Threat of litigation does not put doctors off innovating, says BMA

Out-Law News | 30 Jul 2014 | 5:16 pm | 2 min. read

The threat of potential legal action from patients does not put doctors off prescribing innovative new treatments, according to the British Medical Association (BMA).

The BMA was one of several medical bodies identified by the government as having outlined no experience or evidence suggesting that the possibility of litigation sometimes deters doctors from innovation.

NHS England, the Academy of Medical Royal Colleges and the Royal Colleges of Pathologists, of Physicians, of Physicians and Surgeons of Glasgow, of Radiologists, and of Surgeons of Edinburgh also said there was no such evidence, the government said in outlining a summary of the responses it received to a consultation on the proposed Medical Innovation Bill (32-page / 671KB PDF).

The Medical Innovation Bill has been proposed by Lord Saatchi as a means by which to encourage doctors to responsibly innovate when prescribing medical treatments without a fear of being held liable for negligence should those treatments fail.

According to the government's consultation response summary paper, surgical oncologists membership body BASO said that the threat of innovation may influence decision making "in clinical practice", whilst the Health Research Authority and some patients also said there was evidence that a threat of possible litigation interferes with doctors' innovation at present.

More than 18,000 have signed a petition backing Lord Saatchi's proposed new Bill but the Department for Health said it had received responses to its consultation which outlined objections to the Bill being introduced.

Commonly cited reasons for not supporting the Bill included that it is not deemed necessary, it said.

"[The Bill] is based on a misunderstanding of how the current law already permits innovation while protecting the interests of both patients and doctors," the DoH said in summarising the views of some of the respondents.

Some respondents also challenged whether the Bill would benefit doctors or patients.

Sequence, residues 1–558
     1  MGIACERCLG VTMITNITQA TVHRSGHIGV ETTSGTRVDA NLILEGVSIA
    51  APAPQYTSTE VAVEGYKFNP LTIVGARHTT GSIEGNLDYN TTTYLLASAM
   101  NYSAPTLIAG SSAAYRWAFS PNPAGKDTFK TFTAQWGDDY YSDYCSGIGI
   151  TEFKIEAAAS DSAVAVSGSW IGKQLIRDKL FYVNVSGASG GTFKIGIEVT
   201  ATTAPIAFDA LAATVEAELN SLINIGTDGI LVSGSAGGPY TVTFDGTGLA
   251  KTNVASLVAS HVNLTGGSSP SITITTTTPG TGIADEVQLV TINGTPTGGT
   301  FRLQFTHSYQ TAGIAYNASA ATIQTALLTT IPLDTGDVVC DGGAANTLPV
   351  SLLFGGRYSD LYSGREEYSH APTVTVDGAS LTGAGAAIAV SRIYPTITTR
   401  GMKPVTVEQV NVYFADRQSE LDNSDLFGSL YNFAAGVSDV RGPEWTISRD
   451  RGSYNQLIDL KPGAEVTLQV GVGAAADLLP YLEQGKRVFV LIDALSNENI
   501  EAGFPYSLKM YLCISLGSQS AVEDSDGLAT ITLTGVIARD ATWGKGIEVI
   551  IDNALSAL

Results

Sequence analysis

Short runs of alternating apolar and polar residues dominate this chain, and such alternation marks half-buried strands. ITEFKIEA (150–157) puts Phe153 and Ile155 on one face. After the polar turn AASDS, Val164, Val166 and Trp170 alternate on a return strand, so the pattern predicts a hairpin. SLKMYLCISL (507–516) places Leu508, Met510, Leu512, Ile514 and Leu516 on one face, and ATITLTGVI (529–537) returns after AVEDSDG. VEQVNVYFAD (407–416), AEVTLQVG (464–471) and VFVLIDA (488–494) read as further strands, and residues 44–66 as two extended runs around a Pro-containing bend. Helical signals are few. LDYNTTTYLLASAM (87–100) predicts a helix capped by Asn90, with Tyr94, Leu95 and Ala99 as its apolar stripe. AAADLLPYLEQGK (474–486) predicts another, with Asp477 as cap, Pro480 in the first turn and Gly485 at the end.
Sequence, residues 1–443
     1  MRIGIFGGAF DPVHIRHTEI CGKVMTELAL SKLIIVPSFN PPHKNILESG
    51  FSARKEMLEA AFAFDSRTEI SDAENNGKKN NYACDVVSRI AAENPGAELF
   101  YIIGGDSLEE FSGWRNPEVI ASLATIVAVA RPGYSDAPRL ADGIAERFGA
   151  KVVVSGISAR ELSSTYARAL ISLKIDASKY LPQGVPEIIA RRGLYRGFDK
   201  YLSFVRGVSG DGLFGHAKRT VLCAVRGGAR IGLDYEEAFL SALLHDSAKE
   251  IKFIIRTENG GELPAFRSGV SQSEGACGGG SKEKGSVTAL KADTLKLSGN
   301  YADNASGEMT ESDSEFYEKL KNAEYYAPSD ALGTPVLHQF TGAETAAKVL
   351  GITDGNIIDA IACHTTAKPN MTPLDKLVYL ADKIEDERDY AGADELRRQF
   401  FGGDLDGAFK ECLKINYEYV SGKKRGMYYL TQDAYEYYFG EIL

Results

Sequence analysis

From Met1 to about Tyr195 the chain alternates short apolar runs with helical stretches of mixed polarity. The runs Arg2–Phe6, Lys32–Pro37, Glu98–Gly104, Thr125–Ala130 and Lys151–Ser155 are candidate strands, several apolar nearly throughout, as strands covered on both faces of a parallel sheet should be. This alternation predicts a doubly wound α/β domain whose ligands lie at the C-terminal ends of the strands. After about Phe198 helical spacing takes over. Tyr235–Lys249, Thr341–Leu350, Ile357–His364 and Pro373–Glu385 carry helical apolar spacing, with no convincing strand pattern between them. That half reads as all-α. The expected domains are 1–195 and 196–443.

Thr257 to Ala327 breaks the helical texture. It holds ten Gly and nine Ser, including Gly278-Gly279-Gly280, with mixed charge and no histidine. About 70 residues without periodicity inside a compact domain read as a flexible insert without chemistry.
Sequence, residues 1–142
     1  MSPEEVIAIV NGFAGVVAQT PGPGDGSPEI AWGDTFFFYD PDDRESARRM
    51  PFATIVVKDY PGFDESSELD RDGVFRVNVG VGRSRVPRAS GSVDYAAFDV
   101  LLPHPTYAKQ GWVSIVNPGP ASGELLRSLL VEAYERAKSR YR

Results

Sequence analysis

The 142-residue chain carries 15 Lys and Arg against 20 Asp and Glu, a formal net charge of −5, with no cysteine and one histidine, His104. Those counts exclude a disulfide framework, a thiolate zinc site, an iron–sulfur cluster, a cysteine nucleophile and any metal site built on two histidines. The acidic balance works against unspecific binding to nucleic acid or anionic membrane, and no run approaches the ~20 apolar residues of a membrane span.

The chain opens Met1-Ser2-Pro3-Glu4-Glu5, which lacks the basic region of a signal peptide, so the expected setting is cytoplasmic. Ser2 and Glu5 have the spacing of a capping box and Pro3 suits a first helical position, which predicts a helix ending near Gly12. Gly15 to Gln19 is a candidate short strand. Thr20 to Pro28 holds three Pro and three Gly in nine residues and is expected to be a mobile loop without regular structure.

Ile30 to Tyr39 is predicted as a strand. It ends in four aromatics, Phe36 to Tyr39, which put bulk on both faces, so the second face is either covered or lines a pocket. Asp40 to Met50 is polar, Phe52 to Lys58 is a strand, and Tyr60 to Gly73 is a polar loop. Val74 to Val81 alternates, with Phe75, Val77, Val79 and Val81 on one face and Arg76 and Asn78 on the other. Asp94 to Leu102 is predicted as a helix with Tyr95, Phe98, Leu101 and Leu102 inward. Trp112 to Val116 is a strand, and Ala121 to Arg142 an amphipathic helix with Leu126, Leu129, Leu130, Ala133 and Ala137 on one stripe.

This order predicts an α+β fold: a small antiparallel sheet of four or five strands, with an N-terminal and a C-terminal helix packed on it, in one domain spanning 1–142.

Doctors would "need to understand new legislation, the meaning of which is not clear" and "they might come under increased pressure from patients desperate to 'try anything'", they said, according to the DoH's summary. Patients would not benefit because the Bill "removes safeguards that protect them from quacks and entitle them to compensation if they suffer from actions that would currently be classed as negligent", it said.

In addition, some respondents claimed that the Bill could hamper medical research by encouraging doctors and patients to "take short cuts, rather than to participate in clinical trials".

The DoH said that it would work with Lord Saatchi to seek amendments to the Bill, with the particular aim of ensuring there are "extra safeguards for patients to ensure that doctors must be acting responsibly under the Bill"; "that the Bill does nothing to deter good and responsible innovation under the current law"; and that the Bill does not expose the NHS to any "undue bureaucratic burden" nor "expose doctors to a risk of additional liabilities".

"There is a fine balance to be struck between ensuring patient safety and putting in bureaucracy that could actually stifle innovation, which is clearly not the goal of Lord Saatchi," the DoH said. "The government hopes that Lord Saatchi will be open to amending the Bill in a way that achieves this. The next step is for parliament to scrutinise the Bill in detail."

Earlier this summer the government confirmed that specialist doctors would be given a role in scrutinising other practitioners' proposed departures from traditional treatments for medical conditions.